I expect over the next year Java 1.7 will have a bigger uptake, but I would not bet on it overtaking Java 1.6 anytime soon.
One nice thing to conclude from our usage tracking is that we can see that JBoss Tools keeps growing and has more and more uptake and I’m personally very happy to see that.
Beyond that my primary lesson from the gathering of analytics is that Windows XP is bigger than Linux and OS X combined. Windows overall is where the majority of real-world users are.
There are probably also lot of interesting political and world-economic comments that can be made about the Top 10 countries usage of Operating Systems. But this is just JBoss Tools users, thus not sure how this maps to the world-arena but one thing I do think we can conclude is - each country has very different composition of users/demographics; but they all primarily uses Windows.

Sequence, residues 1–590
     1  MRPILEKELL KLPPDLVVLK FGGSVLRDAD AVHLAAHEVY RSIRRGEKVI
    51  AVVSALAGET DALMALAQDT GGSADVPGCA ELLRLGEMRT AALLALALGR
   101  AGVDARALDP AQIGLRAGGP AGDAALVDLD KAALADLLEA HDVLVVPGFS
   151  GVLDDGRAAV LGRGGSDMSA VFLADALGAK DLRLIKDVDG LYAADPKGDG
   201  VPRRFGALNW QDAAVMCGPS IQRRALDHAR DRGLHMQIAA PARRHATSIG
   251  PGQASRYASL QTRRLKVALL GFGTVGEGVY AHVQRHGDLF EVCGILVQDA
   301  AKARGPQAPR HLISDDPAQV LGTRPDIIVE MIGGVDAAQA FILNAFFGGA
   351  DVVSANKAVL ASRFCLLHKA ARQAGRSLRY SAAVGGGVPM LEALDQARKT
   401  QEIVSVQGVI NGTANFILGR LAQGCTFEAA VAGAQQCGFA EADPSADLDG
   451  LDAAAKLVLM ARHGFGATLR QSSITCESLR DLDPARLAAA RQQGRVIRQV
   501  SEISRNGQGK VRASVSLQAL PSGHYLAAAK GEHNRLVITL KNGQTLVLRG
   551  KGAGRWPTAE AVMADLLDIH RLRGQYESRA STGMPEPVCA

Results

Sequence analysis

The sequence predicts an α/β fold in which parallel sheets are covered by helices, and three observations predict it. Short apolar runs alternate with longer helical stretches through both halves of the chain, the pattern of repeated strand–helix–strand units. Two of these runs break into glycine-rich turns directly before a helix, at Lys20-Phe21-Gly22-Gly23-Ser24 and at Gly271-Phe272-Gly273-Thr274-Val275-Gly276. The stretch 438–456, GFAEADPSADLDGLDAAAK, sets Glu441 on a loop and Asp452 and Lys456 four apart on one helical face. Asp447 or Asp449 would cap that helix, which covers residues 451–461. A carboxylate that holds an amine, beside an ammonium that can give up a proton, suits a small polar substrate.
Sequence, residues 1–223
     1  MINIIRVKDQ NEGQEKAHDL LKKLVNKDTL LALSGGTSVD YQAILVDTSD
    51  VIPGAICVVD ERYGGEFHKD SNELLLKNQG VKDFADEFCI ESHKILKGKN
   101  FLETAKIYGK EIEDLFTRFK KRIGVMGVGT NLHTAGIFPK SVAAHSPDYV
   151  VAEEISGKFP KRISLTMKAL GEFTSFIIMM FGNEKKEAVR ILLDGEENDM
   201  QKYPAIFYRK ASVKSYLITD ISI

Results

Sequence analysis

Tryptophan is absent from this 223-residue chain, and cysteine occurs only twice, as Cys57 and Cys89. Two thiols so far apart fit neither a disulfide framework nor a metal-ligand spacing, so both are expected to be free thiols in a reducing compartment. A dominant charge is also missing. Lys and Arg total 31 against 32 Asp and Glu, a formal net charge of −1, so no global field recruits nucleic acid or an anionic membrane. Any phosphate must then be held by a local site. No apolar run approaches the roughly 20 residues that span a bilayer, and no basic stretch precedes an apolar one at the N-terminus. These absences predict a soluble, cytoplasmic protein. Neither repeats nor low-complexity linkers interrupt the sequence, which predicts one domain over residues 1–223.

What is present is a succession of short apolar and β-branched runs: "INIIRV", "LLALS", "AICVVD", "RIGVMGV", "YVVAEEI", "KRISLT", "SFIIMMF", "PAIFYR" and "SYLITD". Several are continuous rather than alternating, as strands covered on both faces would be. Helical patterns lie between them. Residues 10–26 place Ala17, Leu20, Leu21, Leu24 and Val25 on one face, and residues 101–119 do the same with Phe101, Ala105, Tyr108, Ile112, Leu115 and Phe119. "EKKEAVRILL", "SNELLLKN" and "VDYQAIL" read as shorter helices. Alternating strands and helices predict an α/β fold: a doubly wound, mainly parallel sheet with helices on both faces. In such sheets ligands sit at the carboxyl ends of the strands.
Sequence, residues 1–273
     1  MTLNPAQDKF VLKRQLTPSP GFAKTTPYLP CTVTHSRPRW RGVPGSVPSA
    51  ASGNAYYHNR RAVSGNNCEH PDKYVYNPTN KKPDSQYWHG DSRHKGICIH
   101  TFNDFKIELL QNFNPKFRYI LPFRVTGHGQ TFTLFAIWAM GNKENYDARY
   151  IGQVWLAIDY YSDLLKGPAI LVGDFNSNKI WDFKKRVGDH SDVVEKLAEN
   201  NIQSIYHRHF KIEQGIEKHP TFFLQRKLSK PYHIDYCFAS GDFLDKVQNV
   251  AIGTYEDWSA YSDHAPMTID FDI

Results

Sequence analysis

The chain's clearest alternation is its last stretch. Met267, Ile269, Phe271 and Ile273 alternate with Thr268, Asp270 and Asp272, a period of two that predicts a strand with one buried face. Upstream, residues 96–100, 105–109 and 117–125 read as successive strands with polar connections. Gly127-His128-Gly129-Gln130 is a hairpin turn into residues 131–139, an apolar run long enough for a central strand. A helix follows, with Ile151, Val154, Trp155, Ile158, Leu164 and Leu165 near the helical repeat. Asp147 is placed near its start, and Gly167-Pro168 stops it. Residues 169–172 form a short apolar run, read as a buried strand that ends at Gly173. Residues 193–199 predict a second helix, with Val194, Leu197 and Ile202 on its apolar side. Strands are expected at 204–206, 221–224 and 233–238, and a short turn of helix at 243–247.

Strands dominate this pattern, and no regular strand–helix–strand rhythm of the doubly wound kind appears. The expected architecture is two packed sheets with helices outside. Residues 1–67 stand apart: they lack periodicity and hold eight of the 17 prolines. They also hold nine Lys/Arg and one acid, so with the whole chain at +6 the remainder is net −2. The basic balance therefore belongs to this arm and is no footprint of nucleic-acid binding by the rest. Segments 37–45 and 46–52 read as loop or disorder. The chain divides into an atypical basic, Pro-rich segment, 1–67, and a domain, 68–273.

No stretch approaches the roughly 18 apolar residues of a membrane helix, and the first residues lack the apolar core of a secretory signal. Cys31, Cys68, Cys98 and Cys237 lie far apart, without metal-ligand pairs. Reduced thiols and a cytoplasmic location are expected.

Therefore if you are doing any work on tools, frameworks or applications that relate to JBoss user/developer, please remember to test it on Windows, including Windows XP no matter how much you hate this OS your users are using your applicaiton/frameworks to make their own life easier.
Before anyone put words in my mouth any say this means Linux and OS X users should be ignored because they are such a small percentage - that is not true since the uptake of Windows over time shows that Linux/OSX is where a good portion of the “early adopters” are.
That is it for this time, let me know what you think - does this match your expectations ? Could we improve the dataset/statistics somehow ?